Comments: This recipe was designed around its apple center. Remember my little dome cakes from last month? I had quite a few of those little inserts of apple compote in the freezer, so I brought them to room temperature and re-froze in the Universo mold to be part of this new dessert.  With that main component in mind, I searched for mousses that would complement it well. Not too long ago the amazing Miúda from the blog verdadedesabor made a pistachio mousse that left me dreaming. So I incorporated it.  To add another flavor component, I re-visited a caramel mousse I made in the past and loved. Apple, pistachios and caramel sounded pretty good together.  The sablé is my favorite type of cookie to use as a base because it is sturdy, tasty, and does not change shape during baking. I cut the cookie in the exact size of the mold, so it sealed it perfectly for freezing and made un-molding the dessert quite easy. Remember, measure twice and cut once.

The yuzu-apple insert. As I mentioned, I used leftover compote from a previous adventure. It is a bit tricky to judge how much compote you would need, so I halved the previous recipe and imagine it will be pretty close. All you need is to form a layer with a thickness of about 3/4 inch to place inside the mold.

The mirror glaze. Wanna see it in action? Click here for a little video of yours truly in a very daring mode. Normally glazes are poured in the center, in a circular motion, but I wanted to get a more linear effect on the surface, so I went back and forth, in a movement that is usually reserved for log-shaped or savarin-type cakes. The glaze was just a tad too cold, and I got into a slight hyperventilation mode once I noticed. The temperature of the three glazes was very close to perfection to start with, but when I poured them together in a single container, they cooled a bit more. Mirror glazes are delicate beings, and hitting the temperature correctly for three different components can be a bit tricky. I am going to bring my bread proofing box into play next time. Still, it turned out pretty close to what I had in mind. I should not be too greedy…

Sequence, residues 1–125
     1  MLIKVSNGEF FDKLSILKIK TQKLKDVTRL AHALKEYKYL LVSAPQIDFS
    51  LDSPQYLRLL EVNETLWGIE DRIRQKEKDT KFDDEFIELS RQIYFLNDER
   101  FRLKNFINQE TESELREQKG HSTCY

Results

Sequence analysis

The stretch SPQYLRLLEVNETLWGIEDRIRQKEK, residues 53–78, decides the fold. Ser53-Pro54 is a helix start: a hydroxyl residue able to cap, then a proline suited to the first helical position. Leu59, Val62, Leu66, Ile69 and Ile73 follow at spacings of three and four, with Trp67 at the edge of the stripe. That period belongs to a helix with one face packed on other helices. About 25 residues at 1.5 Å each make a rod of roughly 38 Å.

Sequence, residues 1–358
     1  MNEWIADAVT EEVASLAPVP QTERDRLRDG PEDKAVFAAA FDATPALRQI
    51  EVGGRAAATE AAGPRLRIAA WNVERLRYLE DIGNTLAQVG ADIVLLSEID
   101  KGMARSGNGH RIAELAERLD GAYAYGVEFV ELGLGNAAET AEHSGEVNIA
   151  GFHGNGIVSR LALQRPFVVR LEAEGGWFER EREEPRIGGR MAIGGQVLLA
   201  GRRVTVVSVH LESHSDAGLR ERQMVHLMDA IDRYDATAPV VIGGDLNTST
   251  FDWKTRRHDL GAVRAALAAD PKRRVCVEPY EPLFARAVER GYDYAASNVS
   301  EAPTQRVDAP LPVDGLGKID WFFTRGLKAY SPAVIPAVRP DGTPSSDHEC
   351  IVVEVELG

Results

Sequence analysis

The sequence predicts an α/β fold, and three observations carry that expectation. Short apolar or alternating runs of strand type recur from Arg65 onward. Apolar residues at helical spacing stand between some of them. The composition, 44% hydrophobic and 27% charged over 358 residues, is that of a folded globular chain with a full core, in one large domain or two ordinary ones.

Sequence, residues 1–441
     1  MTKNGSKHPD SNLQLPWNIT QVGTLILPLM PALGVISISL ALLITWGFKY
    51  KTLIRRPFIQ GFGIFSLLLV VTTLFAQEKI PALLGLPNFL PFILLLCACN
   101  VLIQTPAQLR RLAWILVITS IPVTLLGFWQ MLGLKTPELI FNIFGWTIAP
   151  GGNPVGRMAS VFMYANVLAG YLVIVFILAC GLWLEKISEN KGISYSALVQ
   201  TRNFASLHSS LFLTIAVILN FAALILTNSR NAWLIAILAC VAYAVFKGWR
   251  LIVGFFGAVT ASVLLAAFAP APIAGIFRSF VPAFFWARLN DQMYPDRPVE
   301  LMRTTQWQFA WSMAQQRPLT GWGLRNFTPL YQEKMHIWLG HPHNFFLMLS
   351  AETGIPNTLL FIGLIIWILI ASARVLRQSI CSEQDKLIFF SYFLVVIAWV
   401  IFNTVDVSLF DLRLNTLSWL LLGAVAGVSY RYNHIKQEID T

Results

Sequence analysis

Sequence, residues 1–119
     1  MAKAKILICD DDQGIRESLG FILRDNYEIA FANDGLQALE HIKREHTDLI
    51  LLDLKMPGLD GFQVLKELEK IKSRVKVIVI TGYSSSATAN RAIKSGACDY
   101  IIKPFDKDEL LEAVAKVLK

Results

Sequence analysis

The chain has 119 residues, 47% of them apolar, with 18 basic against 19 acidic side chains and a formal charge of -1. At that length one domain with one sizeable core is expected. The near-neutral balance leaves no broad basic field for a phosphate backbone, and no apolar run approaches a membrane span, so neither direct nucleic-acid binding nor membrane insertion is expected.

The cake turned out delicious, I think the only issue was the re-melting and re-freezing of the compote, it was slightly less firm than in the original mousse cakes made before. I am not sure if it would have been better to reduce it a little or even add a bit more pectin before re-freezing, but my advice is to freeze it on the exact shape you intend to use.


Slices were shared with our departmental colleagues on a cold but sunny Monday morning in December. Not very many colleagues were around that week, but the cake was gone in a couple of hours…

Mission Mondays with Sweetness accomplished!

 

ONE YEAR AGO: Someone turns 70 today!

TWO YEARS AGO: Carioca Cake, the Final Chapter

THREE YEARS AGO: Duck Confit for a Special Occasion

FOUR YEARS AGO: Ken Forkish’s Warm Spot Sourdough 

FIVE YEARS AGO: Bran Muffins, Rainbows, and a wonderful surprise!

SIX YEARS AGO: Salmon Wellington

SEVEN YEARS AGO: The Green Chip Alternative

EIGHT YEARS AGO: Weekend Pita Project

NINE YEARS AGO: Let it snow, let it snow, eggs in snow